Whether Russia succeeded in helping Trump get elected will long remain an open debate, but there is now little question that the country certainly tried. Its American operations were of a piece with similar campaigns in Ukraine, Germany, and France. 
Congress is now debating the Honest Ads Act, which would subject ads on social media to the same kinds of transparency requirements now demanded of advertising on traditional mainstream media outlets. 
During congressional hearings, the U.S. government released a trove of Russian-backed ads that appeared throughout the election cycle: everything from associating Hillary Clinton with Satan to posts that mimicked the rhetoric coming out of the Black Lives Matter movement or Bernie Sanders supporters. Fake news, much of it, but all of it meant, essentially, to broadly undermine public trust in public institutions, including media and the government.
Any attempts to clamp down or censor the way information moves on social media networks will necessarily be met by alarm by free speech critics. Indeed, there are no easy answers here. 
One of the things that struck me most about the Russian ads was how similar much of it was to the advertisements, stories, and social media posts now routinely displayed by perfectly legitimate political actors — even congressmen and women themselves. 
The role of states aside, it’s the platform itself that is atomizing.  
No one has to craft largely appealing messages to broad coalitions anymore. Social media allows us to tailor messages down to the narrowest demographic, ideological and geographic blocs. 
It allows us to use confirmation bias and the backfire effect to devastating effect: The people who want your vote, your money or your time know very well that you are more likely to reject stories that challenge your ideology and accept, uncritically, the ones that agree with it.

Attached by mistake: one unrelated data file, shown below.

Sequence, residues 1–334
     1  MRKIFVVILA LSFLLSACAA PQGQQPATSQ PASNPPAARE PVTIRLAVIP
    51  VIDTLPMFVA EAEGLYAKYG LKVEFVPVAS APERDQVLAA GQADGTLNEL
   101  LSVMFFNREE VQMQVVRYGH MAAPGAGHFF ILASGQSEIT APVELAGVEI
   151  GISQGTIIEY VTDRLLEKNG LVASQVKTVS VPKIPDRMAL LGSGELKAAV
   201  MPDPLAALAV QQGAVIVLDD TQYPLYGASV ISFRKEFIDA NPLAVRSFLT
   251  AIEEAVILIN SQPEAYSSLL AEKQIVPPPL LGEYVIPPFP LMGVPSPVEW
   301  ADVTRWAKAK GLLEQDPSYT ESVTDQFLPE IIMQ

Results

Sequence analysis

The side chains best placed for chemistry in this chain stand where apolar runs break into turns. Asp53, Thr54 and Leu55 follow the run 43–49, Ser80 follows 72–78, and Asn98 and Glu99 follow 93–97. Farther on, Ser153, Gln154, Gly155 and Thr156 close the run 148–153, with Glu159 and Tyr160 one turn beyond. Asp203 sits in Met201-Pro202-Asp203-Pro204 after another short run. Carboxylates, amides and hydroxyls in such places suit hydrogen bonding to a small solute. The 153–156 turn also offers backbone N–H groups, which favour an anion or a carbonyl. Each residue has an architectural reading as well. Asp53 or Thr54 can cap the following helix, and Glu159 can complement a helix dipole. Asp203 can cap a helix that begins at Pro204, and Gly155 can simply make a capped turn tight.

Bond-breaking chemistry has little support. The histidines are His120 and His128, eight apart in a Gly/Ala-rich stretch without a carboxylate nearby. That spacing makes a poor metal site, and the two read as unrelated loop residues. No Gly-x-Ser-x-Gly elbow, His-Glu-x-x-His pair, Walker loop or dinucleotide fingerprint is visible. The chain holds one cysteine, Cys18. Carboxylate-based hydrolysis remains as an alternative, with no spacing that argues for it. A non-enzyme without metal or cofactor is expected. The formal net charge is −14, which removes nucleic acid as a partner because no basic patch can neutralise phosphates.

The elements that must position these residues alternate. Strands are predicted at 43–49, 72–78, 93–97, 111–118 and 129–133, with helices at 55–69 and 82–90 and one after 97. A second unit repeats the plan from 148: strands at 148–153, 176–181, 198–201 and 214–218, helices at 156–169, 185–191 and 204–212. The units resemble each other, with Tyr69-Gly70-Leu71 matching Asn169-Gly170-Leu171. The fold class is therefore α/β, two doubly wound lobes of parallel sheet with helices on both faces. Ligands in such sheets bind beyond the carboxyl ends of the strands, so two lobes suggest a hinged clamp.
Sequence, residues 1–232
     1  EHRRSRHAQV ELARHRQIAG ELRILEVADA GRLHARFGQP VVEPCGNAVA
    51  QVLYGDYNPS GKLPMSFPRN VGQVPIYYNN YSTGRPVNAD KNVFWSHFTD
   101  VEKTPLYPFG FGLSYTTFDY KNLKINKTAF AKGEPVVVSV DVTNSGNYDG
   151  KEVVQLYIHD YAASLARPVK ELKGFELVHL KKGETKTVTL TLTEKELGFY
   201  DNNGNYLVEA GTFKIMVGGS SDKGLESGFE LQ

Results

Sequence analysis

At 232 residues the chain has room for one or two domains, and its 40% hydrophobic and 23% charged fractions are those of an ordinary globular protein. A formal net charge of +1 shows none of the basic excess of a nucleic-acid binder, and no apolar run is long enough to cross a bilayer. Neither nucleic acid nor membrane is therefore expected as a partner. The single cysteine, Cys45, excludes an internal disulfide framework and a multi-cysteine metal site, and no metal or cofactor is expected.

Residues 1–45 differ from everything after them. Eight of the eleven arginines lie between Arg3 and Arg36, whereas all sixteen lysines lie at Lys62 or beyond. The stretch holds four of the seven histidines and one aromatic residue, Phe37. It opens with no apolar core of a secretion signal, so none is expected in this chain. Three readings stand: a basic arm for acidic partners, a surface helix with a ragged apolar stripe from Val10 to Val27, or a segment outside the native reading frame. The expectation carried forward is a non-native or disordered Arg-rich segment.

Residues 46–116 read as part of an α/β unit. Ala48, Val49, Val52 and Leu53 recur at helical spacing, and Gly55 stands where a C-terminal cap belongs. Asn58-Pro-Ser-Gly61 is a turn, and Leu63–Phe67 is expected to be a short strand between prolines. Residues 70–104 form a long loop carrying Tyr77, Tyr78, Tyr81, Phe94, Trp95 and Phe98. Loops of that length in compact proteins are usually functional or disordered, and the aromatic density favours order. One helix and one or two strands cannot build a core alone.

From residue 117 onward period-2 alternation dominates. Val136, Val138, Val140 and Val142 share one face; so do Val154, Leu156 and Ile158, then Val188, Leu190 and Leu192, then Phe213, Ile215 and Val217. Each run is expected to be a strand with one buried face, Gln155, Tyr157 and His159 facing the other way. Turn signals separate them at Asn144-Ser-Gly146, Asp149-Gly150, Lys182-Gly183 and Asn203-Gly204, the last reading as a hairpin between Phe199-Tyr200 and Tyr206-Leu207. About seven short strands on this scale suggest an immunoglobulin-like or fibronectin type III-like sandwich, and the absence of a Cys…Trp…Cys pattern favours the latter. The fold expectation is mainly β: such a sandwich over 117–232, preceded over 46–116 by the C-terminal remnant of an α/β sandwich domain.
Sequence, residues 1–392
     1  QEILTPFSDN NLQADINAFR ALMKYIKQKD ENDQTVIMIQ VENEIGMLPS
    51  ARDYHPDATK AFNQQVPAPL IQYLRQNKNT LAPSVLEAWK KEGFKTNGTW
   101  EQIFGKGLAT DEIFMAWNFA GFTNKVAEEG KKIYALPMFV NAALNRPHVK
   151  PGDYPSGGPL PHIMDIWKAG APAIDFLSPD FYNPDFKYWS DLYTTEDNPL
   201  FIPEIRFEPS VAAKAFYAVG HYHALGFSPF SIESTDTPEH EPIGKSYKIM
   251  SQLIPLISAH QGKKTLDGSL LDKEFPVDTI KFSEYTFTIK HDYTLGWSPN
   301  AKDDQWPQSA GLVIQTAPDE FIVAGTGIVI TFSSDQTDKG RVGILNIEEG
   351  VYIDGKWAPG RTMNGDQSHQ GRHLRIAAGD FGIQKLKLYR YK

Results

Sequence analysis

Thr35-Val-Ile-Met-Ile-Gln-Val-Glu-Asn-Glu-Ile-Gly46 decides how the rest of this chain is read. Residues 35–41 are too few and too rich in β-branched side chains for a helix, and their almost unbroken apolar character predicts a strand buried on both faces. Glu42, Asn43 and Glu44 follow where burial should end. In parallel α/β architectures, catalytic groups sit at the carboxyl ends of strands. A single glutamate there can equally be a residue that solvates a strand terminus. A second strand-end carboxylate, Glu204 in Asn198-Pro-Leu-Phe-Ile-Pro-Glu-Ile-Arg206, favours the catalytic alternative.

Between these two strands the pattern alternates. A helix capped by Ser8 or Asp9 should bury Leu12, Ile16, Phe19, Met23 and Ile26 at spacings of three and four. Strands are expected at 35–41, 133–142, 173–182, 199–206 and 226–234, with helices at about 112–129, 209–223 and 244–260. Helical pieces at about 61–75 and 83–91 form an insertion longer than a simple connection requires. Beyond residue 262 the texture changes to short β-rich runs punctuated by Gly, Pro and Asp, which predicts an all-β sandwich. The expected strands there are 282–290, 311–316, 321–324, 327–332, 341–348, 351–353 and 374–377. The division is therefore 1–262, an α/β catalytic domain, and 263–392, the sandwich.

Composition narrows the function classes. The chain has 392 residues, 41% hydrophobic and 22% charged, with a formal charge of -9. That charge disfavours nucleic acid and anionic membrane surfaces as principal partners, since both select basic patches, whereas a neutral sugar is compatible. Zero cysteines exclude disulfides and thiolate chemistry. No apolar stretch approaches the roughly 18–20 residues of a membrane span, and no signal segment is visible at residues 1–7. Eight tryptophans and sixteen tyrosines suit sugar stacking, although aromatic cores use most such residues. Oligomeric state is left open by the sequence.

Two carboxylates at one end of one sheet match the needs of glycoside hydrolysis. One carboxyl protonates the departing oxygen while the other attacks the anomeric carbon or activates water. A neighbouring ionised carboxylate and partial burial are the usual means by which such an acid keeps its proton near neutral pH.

If you think Clinton, for example, is an odious, dodgy creep, you were infinitely more likely to believe there was something to the claim that she was heading up a child sex trafficking ring from the basement of a Washington-area pizza joint. 
Cue, here, the letter-writers who are already crafting thoughtful and personal responses to this column explaining that their sense of distrust and outrage is perfectly justified thanks to liberal and/or conservative bias in corporate mainstream media. The better of these writers will even point to entirely fair and legitimate examples of such. They are not wrong. There is always fair criticism to be leveled.
But most can no longer point, exactly, to where this sense of dislocation begins. Rather, they consume media like the Rebel or Breitbart or Occupy Democrats. Or they remember, vaguely, seeing some things on Facebook that stoked the distrust. As long as it’s not mainstream, few seem to apply the level of scrutiny or skepticism that is, rightly, expected of outlets like this one. 

Congress is now debating the Honest Ads Act, which would subject ads on social media to the same kinds of transparency requirements now demanded of advertising on traditional mainstream media outlets.NOAH BERGER /  AP PHOTO

What is happening on Facebook, Twitter and other social media platforms right now will go down as one of the greatest experiments in mass manipulations in human history. 
Not only are these platforms addictive — the social validation they evoke are consciously evocative of slot machines — but the messages, advertisements, and posts you see on them are designed to be both viral and influential. Often times, the intent is benign. Sometimes it is not. 
Companies, governments, individuals, brands — the whole lot — are fine-tuning algorithms and psycho-graphics, using real-time analytics, experimentation, and a/b testing to find the psychological triggers of entire groups of people with ever-improving accuracy. 
We all imagine ourselves to be great, independent, thinkers. We are lab rats pushing a lever for our daily outrage or humor pellet. 
The profit ain’t in truth. It’s in telling people what they want to hear. 
This is the kind of influence that works in inches, over years. And every year, the polarization of the U.S. electorate has become more obvious and more difficult to reconcile. 
None of this is Russia’s fault, but one can’t be surprised that Russia would try to exploit it. The greatest weaknesses in Western democracies is us.
• Email: jgerson@nationalpost.com |